Important thing is getting Arisugawa Park out there, to the public in my own quirky way. Even counting the instant dismissal the term 'blog' engenders (hence the 'cloud novel' euphemism) so what?
This newly written section is a remembrance of a year living in Azabu, more than a few too many reckless evenings, wondering whether I had gone too far. Or, from a writer's perspective, not far enough.
Without further ado, the beginning of Hayao's dark night in the city.
Like some mythic Broadway nightlife district, flattened along a major street, Roppongi stretched eight formidable blocks, with the Crossing nailed to the center of its seamy heart. Its kanji formed a symbol of “three trees,” a former area of royal appointment that had been transformed into commercial hub by the presence of American HQ during the reconstruction years. There were still these formative influences felt––the neon-lit Gas Panic, now semi-displaced, its Kamikaze and B-52 shooters preserving memories of a time when destroyer-turned-rebuilder America had proffered the olive branch, engendered a profound effort to forget and unlearn. And ultimately outdo, under the government-backed impetus of a “national leader” program aimed at nice exchange rates. Shaken, not stirred––proximity to provisional leadership had also given Roppongi a seedy twist. To get lost in dark, anonymous dissipation, after hours spent in brightly-lit offices––whether Western or Japanese, that impulse had never gone away.
Hayao let the 30-second intervals of alternating pedestrian flow seep in, the flux of passers-by on their way home and to bar, club, restaurant, spa, and hot-yoga assignations. A few tourists, pleasantly mixed-up and not knowing quite where to go, stood out like barnacles on bare rock. There were also sea-level pieces of seaweed, floating, anchored into rocks with careless precision––one plainclothes policeman he half-recognized and a number of professionals, representing well defined territories.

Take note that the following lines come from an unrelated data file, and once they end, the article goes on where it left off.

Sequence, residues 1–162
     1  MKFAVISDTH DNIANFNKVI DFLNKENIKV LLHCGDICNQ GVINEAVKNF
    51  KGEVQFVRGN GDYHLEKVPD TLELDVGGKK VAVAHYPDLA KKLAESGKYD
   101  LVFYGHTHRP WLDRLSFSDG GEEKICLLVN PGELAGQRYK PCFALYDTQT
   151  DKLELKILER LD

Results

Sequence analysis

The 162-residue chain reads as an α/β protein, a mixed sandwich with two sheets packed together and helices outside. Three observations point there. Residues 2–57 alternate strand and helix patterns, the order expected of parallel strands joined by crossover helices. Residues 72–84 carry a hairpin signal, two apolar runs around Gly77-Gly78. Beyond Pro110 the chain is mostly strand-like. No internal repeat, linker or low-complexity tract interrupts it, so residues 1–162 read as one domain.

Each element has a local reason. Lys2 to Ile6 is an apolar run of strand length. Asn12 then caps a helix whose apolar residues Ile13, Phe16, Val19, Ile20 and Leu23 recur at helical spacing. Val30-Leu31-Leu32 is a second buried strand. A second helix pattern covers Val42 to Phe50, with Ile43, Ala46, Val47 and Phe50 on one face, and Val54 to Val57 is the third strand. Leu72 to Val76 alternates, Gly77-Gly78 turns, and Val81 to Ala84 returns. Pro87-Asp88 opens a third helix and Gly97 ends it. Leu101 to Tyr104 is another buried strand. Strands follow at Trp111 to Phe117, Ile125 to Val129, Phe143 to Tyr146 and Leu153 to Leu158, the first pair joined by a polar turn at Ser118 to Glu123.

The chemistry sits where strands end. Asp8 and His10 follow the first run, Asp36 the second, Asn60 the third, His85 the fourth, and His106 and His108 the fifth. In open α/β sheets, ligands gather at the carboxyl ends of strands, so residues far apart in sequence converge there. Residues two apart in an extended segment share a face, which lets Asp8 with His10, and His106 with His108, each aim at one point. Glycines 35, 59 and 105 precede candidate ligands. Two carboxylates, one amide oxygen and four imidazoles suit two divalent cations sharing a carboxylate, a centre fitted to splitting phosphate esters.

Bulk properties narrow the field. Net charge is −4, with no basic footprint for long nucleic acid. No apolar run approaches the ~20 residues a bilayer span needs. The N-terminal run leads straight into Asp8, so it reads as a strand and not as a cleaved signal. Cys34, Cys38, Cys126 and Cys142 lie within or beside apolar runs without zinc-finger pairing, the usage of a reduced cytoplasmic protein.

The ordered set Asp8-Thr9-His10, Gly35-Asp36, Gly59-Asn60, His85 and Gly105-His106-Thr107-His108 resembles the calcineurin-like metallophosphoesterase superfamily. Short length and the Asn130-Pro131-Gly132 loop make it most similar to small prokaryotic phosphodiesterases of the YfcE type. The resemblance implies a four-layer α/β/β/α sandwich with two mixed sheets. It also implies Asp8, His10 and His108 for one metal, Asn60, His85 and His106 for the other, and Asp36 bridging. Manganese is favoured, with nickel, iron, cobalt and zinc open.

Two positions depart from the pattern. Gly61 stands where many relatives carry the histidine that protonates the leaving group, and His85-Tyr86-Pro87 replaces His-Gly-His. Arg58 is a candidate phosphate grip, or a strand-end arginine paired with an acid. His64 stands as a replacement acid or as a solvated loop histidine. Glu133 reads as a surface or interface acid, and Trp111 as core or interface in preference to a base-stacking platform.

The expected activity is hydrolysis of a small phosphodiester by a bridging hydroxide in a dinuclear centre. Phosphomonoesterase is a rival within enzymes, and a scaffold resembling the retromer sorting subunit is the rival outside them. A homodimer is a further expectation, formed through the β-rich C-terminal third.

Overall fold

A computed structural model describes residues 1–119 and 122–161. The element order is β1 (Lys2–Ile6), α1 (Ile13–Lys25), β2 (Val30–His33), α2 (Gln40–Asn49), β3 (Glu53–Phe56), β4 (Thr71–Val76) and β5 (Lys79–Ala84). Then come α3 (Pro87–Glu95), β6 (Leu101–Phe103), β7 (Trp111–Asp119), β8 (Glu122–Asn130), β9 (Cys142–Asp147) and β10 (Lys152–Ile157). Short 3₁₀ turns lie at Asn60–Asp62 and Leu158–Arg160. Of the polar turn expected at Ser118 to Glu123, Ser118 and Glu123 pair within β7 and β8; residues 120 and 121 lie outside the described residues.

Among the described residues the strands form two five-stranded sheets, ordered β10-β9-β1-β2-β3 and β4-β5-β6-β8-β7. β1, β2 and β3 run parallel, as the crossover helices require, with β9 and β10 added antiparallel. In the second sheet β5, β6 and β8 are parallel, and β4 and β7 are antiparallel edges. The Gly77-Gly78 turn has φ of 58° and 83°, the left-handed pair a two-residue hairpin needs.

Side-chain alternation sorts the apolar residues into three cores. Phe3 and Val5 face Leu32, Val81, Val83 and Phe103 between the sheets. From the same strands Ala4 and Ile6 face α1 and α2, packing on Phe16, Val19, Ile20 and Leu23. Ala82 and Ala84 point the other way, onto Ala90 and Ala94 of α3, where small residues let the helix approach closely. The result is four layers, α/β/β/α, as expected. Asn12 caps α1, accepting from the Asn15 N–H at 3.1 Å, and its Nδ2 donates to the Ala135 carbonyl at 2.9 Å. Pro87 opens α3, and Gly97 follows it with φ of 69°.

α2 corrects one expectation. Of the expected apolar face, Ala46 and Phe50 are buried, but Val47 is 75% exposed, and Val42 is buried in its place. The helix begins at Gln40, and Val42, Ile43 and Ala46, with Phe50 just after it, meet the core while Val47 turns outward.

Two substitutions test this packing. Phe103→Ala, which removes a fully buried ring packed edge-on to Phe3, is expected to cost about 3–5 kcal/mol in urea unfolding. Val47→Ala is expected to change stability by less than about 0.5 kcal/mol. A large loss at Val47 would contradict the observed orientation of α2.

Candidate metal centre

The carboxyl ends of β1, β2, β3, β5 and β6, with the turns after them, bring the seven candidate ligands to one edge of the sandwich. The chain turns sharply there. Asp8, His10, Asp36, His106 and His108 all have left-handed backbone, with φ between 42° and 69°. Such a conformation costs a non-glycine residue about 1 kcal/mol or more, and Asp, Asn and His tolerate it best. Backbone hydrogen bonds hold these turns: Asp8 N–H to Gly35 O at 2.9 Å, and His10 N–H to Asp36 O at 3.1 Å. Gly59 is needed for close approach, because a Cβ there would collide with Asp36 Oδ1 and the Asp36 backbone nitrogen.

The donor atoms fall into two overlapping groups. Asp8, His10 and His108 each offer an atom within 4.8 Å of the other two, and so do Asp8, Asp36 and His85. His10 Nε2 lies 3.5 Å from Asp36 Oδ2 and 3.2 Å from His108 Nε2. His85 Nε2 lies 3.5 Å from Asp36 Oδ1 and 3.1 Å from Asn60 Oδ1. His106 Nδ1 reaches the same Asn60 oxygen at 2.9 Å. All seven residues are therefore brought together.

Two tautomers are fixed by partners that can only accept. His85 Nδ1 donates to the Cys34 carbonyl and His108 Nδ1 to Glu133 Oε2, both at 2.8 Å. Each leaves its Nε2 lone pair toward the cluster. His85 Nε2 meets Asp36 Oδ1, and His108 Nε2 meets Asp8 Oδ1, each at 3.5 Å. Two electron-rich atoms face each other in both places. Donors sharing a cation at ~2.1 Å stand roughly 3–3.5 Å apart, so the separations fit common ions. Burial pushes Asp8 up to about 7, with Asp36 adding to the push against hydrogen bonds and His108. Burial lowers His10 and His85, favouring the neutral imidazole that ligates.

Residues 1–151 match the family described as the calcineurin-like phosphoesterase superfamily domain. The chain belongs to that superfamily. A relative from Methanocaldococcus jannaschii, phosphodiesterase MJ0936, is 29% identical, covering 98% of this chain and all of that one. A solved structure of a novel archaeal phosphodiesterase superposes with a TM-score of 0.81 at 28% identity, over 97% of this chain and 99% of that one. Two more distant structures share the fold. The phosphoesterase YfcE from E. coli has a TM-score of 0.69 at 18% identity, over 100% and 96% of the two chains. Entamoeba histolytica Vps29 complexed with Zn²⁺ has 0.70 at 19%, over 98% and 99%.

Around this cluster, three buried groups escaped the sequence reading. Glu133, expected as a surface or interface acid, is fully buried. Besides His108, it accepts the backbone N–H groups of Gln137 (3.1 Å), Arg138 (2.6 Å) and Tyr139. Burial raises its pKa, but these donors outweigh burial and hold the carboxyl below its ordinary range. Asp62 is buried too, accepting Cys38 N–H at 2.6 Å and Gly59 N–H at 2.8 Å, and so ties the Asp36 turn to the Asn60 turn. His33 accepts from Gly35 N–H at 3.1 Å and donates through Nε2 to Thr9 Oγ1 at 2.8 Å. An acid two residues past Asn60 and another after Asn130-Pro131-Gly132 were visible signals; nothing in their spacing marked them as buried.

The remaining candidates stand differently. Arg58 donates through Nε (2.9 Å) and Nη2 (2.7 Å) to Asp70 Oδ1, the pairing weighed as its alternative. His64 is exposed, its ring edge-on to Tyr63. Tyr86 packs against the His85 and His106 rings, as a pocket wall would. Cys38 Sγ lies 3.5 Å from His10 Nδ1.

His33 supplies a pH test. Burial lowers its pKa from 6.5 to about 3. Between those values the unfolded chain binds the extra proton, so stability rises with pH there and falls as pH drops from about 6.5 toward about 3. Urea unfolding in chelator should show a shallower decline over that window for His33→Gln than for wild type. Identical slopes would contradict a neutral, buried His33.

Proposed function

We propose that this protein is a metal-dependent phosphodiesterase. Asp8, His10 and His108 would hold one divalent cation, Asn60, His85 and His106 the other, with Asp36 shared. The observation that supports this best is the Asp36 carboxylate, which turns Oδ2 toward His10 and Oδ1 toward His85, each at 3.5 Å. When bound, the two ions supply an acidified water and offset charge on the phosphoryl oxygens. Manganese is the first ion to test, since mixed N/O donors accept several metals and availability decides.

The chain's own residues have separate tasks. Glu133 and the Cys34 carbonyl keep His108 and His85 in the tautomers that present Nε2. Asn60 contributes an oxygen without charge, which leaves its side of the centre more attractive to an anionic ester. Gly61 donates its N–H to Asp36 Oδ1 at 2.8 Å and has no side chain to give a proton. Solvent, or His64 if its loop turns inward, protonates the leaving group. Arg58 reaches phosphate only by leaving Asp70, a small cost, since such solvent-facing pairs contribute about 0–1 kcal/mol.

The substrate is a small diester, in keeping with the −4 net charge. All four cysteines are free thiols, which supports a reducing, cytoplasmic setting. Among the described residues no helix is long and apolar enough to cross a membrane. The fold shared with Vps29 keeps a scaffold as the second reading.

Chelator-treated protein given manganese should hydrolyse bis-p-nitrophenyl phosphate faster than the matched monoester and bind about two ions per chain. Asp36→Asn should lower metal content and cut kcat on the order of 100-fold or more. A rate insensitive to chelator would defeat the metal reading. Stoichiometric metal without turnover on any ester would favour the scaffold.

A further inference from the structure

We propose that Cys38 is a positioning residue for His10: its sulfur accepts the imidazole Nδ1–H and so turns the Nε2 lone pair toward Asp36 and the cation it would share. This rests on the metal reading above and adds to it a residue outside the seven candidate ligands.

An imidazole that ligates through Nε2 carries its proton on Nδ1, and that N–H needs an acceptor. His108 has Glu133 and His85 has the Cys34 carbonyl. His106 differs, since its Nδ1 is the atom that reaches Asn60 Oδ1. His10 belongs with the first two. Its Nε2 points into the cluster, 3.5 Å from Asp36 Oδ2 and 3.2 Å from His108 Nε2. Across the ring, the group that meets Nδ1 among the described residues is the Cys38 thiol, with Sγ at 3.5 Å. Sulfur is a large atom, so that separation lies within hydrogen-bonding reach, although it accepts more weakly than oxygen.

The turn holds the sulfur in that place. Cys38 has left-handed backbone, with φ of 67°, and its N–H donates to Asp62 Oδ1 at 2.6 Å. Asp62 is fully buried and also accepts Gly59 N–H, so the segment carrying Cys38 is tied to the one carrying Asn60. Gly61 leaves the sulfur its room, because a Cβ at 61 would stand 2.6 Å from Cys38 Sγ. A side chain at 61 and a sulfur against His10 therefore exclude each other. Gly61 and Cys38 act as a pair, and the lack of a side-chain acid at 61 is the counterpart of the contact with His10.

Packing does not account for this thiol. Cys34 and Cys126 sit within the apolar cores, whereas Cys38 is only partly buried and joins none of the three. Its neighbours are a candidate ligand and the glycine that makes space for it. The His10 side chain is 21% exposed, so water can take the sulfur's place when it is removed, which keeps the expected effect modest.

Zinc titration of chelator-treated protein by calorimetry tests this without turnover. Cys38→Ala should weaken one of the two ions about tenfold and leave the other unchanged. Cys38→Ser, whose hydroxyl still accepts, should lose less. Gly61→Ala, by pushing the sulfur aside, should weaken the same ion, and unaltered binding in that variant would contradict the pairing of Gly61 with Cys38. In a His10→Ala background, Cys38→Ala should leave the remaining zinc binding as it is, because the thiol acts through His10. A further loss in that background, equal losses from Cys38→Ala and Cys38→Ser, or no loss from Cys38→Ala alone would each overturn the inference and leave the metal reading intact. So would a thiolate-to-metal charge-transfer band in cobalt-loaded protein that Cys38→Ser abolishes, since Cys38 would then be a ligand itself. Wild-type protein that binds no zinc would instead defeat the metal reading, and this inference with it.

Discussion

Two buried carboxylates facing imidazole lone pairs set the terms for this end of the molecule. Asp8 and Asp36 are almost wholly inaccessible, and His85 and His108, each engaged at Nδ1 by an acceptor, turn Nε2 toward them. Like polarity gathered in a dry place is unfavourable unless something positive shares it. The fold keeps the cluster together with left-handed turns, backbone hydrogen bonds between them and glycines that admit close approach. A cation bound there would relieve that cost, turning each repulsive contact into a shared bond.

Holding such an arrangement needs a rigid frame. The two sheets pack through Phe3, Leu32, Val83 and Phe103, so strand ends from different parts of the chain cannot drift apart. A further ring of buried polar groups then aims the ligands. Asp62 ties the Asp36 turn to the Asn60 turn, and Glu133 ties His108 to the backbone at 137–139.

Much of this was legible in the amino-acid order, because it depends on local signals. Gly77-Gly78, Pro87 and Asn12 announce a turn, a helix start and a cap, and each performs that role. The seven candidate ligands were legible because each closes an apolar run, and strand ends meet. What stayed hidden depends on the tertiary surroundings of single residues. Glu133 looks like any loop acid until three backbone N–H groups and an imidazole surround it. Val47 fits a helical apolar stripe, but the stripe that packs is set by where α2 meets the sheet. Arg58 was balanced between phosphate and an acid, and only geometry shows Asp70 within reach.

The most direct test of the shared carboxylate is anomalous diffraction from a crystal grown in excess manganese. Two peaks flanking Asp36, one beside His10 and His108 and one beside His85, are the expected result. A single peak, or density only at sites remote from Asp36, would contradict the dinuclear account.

Hayao lit a calming cigarette, long ago banished from his life anywhere but Roppongi. There were four massage women––of the usual Chinese origin, judging by the nearest one’s accent. She wore full length padded coat, sensible evening wear in nippy Roppongi––relying on the subtle pressure of a practiced touch to latch on. Taking the arms of passers-by, nudging with a word or two––this was the origin of the phrase ‘happy ending.’
Hayao turned his attention back to the barnacles––the hipster tourists from Canada who had traded dopey smiles and big backpacks (but not the Canada lapel pins) for a more edgy, yet not hard-edged, look. A group of office ladies discussing whether they had the desire to go out to Gonpachi, the Kill Bill restaurant, or––and he heard it distinctly, from under a flutter of admonishing giggles––the Kohai club. First timers, he thought––for women in their late 20s and beyond, host clubs were a surprisingly common pastime. If they were earning money, living with family, not having children, they could also have fun––never mind their harried colleagues. He shrugged––this group would have fun, whatever the ending.
Turning back to love hotel agenda, Hayao found himself dialed into the Roppongi pulse. Investigative work was not simply about prior knowledge, accumulated experience—it was also about letting the mind flow free, that essential blast of improvisation within a structured jam.
He sauntered out from the shadows to the street corner, joining the swelling ranks as they crossed the street. He turned left at a Pachinko parlor advertised by an albino leopard with green eyes. It was a familiar enough hangout for small-time players. He had spent hours here on assignment over the course of a month, tailing a suspect in the shabu business who came in to kill time before meetings. The steady drip of the IV gambler, caught in a pastime for which the only end was loss of funds and a need to sell more product. Hayao had felt a sense of dread, observing humanity’s unsettling capacity for addiction. He had worked to disassociate himself from interest in any outcome, balls falling in mind-numbing sheets, draining his bank account. Unlike mah jong, to which the patient punter could adhere and prosper… and here Hayao caught himself as he felt the primal urge stir within.